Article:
Peter Wentworth’s questions on parliamentary privilege, 11 November 1566 (SP 12/41 f.33)
The queen’s angry response to the parliamentary delegation was followed, on 9 November, by a verbal ‘gagging order’ to Parliament, forbidding them to debate matters of the succession. Their response was no less vitriolic. The issue of monarchical versus parliamentary power was one that would have explosive consequences for Elizabeth’s successors.
Whether hyr hyghnes’ commandment, forbyddyng the Lower Howse to speake or treate any more of the succession or of any theyre escewsses in that behalffe, be a breache of the lybertie of the free speache of the howse or not?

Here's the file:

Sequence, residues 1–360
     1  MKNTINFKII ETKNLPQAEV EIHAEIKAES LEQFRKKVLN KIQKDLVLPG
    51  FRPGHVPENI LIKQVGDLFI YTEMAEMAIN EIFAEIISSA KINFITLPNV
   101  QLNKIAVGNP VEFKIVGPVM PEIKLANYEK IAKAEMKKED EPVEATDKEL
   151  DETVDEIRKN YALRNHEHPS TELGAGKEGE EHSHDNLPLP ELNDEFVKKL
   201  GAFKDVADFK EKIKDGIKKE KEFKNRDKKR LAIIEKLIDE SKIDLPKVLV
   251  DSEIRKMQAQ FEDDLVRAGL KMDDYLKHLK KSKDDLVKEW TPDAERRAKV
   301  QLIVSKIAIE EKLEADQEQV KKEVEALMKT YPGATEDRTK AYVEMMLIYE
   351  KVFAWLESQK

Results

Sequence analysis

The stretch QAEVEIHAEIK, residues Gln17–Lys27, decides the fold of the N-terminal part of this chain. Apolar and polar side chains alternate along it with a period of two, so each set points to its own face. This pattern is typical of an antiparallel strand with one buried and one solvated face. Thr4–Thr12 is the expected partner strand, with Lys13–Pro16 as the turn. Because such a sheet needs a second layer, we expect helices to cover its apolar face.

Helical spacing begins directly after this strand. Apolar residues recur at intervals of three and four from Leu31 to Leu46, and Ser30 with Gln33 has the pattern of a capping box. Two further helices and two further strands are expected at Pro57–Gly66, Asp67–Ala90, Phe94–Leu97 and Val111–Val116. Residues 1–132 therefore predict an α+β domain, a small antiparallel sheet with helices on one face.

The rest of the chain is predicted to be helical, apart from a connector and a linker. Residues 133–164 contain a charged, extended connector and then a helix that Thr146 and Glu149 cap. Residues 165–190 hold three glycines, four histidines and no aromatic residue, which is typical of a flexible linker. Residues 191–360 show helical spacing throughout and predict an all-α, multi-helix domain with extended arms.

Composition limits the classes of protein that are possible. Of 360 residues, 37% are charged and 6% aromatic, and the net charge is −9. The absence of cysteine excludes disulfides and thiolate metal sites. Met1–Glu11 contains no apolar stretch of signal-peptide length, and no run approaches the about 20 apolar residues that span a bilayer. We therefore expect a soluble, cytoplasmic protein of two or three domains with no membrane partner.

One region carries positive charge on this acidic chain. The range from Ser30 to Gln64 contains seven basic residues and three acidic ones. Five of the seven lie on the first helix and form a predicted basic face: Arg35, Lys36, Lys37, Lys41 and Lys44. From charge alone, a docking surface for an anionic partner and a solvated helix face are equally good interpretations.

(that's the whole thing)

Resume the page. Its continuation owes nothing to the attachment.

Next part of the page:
Wheter Mr Controller, the vicechamberlaine, and Mr Secretarye pronowncyng in the Howse the sayd commandment in hyr hyghness’ name, are of awthorytye suffycyent to bynde the howse to silence in that behalffe, or to bynde the howse to acknowledge the same to be a direct and sufficient commandment or not?
Yf hr hyghness’ said commandment be no breache of ye lybertie of the howse, or yf the commandment pronownced as afore is sayde be a suffycyent commandment to bynd the howse to take knoledge theroff, then what offence is it for anye of the howse to err in declaryng his opynyon to be otherwys?